Tuesday, May 27, 2008

Subspecies of the Blue Bird

[The music player that was embedded in this post no longer functions; needs updating. Apologies. Will try to fix some time...]

After posting yesterday's piano version of Stanford's The Blue Bird, I wondered what readily available recordings might be out there for the curious reader who'd never heard it sung before. I already pointed to the fantastic Cambridge Singers' version, downloadable via iTunes, but, wondering if some might prefer not to invest the $0.99 required, I wandered over to Wikipedia and discovered that Stanford's bio page features one audio file - and it is, of course, The Blue Bird. This is good, I thought. Then I listened and, well . . . it's not really the blue bird I've come to know and love.

There turns out to be a reasonable explanation for this - the performance is a multi-track recording in which a single countertenor performs all the parts. I mean, it's an impressive accomplishment, sort of (actually the "sopranos" sound much better than the tenors and basses, but there's some sketchy intonation and some frightening vowel sounds), but I kind of resent that Wikipedia allows this to be the aural representative of Stanford's little masterpiece. I snooped around the Wikipedia page history a bit and discovered other complaints, but apparently the Wikipedia reasoning is that 'tis "better to have something free and bad than nothing at all."

So, seek that out at your own risk. Coincidentally, another recording I've run across also features just one performer in a multi-tracked performance. The English cellist Matthew Barley has recorded an entire CD of himself as cello orchestra, and the results are much more professional and seamless than the countertenor's - in fact, it's quite remarkable how well Barley has pulled this off, although I'd like it better if his bluebird didn't slide so often. It's fascinating to compare this ultra-rich version with my little barebones piano account.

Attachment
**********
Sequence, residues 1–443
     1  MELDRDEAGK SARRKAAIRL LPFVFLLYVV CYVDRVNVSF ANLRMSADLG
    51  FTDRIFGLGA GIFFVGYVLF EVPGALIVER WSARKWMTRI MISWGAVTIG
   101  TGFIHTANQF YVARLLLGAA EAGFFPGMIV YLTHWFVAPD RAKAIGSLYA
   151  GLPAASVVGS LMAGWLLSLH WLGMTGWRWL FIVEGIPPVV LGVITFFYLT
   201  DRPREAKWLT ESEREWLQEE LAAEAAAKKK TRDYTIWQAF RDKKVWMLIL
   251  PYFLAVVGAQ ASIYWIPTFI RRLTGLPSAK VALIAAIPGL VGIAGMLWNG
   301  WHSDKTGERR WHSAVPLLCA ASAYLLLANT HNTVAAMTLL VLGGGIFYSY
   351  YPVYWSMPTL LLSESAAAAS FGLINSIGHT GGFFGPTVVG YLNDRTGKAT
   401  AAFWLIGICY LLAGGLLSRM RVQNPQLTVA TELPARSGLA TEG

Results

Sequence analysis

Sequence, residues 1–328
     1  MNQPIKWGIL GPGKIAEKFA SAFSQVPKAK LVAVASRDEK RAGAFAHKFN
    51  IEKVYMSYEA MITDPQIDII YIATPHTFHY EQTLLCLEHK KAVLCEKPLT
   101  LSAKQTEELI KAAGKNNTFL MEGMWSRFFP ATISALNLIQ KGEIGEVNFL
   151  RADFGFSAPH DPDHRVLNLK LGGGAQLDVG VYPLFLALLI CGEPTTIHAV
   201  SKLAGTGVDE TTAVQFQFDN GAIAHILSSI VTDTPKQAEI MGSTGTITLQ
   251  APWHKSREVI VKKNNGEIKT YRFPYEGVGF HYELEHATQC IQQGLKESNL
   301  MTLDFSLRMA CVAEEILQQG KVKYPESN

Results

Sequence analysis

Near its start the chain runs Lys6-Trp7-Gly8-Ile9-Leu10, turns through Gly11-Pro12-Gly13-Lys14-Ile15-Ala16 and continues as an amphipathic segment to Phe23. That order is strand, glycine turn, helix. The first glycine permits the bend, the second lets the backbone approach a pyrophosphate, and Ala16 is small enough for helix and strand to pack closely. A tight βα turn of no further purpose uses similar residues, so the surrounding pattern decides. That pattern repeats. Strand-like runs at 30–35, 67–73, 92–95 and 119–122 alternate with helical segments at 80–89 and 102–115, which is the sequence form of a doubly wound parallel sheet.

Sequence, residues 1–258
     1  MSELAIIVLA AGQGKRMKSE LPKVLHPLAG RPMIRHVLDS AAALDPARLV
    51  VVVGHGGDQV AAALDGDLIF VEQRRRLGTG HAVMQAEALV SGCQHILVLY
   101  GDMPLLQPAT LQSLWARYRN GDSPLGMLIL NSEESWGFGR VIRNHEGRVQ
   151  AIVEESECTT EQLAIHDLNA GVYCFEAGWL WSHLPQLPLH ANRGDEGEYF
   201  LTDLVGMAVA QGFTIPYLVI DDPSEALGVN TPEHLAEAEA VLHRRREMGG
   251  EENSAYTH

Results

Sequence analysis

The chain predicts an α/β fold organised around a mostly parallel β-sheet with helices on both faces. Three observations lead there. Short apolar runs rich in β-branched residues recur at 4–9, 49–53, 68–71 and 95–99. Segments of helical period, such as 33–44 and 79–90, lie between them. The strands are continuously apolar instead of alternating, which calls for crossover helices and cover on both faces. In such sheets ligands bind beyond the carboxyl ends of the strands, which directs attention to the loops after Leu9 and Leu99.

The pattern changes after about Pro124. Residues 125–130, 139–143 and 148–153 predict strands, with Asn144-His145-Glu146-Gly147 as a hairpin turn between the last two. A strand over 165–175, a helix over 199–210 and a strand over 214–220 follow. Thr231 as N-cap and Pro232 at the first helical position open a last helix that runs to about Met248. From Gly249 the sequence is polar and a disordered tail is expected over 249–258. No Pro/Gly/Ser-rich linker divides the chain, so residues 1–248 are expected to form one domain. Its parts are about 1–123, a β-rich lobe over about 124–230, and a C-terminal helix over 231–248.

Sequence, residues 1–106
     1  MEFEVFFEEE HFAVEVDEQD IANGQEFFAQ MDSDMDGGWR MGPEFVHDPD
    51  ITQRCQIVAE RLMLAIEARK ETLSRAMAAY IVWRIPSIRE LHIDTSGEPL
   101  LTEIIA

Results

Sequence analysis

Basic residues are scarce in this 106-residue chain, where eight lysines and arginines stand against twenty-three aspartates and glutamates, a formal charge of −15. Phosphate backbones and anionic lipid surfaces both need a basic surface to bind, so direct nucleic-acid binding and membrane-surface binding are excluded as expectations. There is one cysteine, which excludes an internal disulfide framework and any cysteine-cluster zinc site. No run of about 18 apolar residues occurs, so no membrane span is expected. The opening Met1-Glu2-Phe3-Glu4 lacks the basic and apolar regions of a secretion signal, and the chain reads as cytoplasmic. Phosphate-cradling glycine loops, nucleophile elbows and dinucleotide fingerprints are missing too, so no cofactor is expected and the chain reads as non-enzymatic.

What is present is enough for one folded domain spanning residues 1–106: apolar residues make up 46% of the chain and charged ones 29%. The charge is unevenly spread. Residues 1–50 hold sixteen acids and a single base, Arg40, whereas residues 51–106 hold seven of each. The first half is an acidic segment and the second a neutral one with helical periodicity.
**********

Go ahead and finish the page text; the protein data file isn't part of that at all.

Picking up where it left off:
I've mentioned many times that I love all the complex identity issues involved when considering a "work" in various transcriptions/ translations. Below, you can sample the way in which these wildly different sonorities and settings depict the same little bird. I even threw in a sample of the multitracking countertenor, plus a schmaltzy version by Charlotte Church's apparent heir apparent. Still, I think the simplicity of the piano really holds it own, biased though I may be.


Speaking of impressive multitrack performances, you should check out Doug Yeo's one-of-a-kind recording of The 1812 Overture, with Doug playing all parts on the serpent, that crazy, half-forgotten instrument. Doug is the bass trombonist of the Boston Symphony, and I've gotten to know him a bit, although I've never heard him play the serpent live. The Tchaikovsky is something else, but I'm just as glad he didn't try doing this with The Blue Bird.

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